Going Solo: Melissa Kieling on Being a Single-Parent Entrepreneur
Single parent and PackIt business owner Melissa Kieling knows firsthand the challenges of balancing the demands of work and family. While creating her own company, she turned obstacles into opportunities and proved that entrepreneurship can offer single parents unique advantages when building careers and supporting their families.
Being successful professionally while raising children is challenging for any parent. Entrepreneurship, while offering flexible work hours and other parent-friendly elements, often introduces additional responsibility and stress, especially for single parents. Late nights, multitasking, and operating on a shoestring are typical for most entrepreneurs when starting a business. Investing the necessary time in a fledgling company can be especially difficult when there is no one else to share daily family commitments — including childcare.
But there’s also a flip side. As Melissa Kieling learned, parental entrepreneurship can positively impact children in a variety of ways. And single-parent entrepreneurs typically have strong financial motivations: With no one else to rely on, the responsibility of providing for a family can give them an unrivalled sense of urgency when it comes to steering a new business to profitability.
From Adversity to Success
Kieling’s unexpected entrepreneurial journey was driven by single parenthood. “I didn’t realize that I was cut out for entrepreneurship until I was faced with adversity in my own life,” she says. Following 13 years as a married stay-at-home mom, Kieling became a divorced, single parent of three during the financial crisis of 2008-09. “It was devastating, emotionally and financially, to myself and my kids,” she admits. “I was working a few odd jobs here and there, but didn’t really have a strong resume or career path to jump back on.”
Inspiration for her business came from an everyday headache: trying to keep her children’s lunches fresh. “Being a mom packing lunches for my children, I was frustrated that I couldn’t put healthy foods in a lunch bag and have them stay fresh,” she recalls. One morning, after discovering that the gel packs she usually placed in her children’s lunch bags were once again missing, she decided to design a product that would eliminate the need for those gel packs: a foldable, freezable lunch bag. That was the birth of PackIt, which has become a multimillion-dollar company selling a variety of food-storage products.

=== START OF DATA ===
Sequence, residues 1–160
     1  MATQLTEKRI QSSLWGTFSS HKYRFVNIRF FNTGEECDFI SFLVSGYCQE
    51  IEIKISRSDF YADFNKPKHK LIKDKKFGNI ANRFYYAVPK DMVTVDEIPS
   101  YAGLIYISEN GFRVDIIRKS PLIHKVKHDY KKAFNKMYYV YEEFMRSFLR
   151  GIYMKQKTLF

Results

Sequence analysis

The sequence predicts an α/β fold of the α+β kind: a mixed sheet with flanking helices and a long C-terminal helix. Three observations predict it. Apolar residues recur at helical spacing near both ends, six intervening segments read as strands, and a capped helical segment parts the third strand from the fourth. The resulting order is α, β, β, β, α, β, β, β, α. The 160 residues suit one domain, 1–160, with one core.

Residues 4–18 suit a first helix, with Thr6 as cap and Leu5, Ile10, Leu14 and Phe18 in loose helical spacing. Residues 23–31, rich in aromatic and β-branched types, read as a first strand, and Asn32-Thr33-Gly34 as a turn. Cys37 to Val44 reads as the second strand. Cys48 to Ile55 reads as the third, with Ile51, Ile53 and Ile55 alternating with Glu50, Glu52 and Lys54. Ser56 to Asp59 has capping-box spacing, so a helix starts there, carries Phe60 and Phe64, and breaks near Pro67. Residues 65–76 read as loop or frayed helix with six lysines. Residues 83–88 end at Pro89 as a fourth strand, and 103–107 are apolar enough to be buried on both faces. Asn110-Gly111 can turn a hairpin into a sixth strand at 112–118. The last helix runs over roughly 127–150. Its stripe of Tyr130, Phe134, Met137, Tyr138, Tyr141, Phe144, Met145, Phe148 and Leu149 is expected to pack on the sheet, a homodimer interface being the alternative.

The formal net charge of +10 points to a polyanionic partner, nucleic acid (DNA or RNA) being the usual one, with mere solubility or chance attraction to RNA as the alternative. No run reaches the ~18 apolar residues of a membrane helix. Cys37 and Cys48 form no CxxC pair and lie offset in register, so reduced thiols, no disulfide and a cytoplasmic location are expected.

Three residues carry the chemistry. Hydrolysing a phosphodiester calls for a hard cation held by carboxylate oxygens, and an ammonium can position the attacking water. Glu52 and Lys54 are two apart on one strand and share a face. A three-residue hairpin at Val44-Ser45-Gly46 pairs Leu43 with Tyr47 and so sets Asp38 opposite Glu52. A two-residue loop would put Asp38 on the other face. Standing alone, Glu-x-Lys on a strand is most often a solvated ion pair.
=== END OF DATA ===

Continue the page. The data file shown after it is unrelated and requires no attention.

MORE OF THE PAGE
Kieling started by researching gel materials. She then pinned together a prototype, using her shower curtain as a liner, and asked her dry cleaner to stitch that first bag along the pinned seams. After raising a small amount of capital from family and friends, she began production of the lunch bags around her kitchen table.
Her Big Break
At one of Kieling’s first trade shows, opportunity arose through a conversation with a representative from Target. This connection led to a crucial formal meeting. “Sitting down in Minneapolis at the Target headquarters was extremely intimidating,” remembers Kieling. Nonetheless, she courageously positioned her company “in a very humble, organic, authentic way, presenting ourselves as who we really were.”
PackIt has grown a lot from its modest origins: The brand is now sold at major retailers across the U.S., including Target and Walmart, and in more than 40 countries. The product line currently includes baby-bottle bags, backpacks, grocery bags, and picnic totes — with more to come. Expanding to the grocery store and home-delivery markets, PackIt recently launched a freezable, reusable shipping and delivery tote. This innovative container can be used in place of disposable packaging to deliver perishable groceries, potentially helping to eliminate large volumes of plastic waste.
Kieling acknowledges that the path to success is far from easy. “The demands of running a business are a daily, weekly challenge on my family,” she says. Her hectic travel schedule can often be difficult to manage — and means she must spend time away from her children. But she also says that one of the best things to have come of her journey is the valuable lessons her children have learned about what can be achieved by hard work.
PackIt has given Kieling’s children the chance to gain hands-on learning about business and entrepreneurialism. They participate in the business by accompanying her on visits to factories in China and representing PackIt at trade shows. “We’re all making sacrifices,” she says. “When they can share in the successes and feel part of that, it brings it all full circle.”
By creating her own company, Kieling was able to achieve her career dreams while raising a thriving family. She cautions other single-parent entrepreneurs against seeing the time spent building a company or a product as a distraction from their lives and families. “I would look at it as a way to bring your kids in and teach them the most wonderful life lesson — that they can accomplish anything they set out to accomplish,” she says.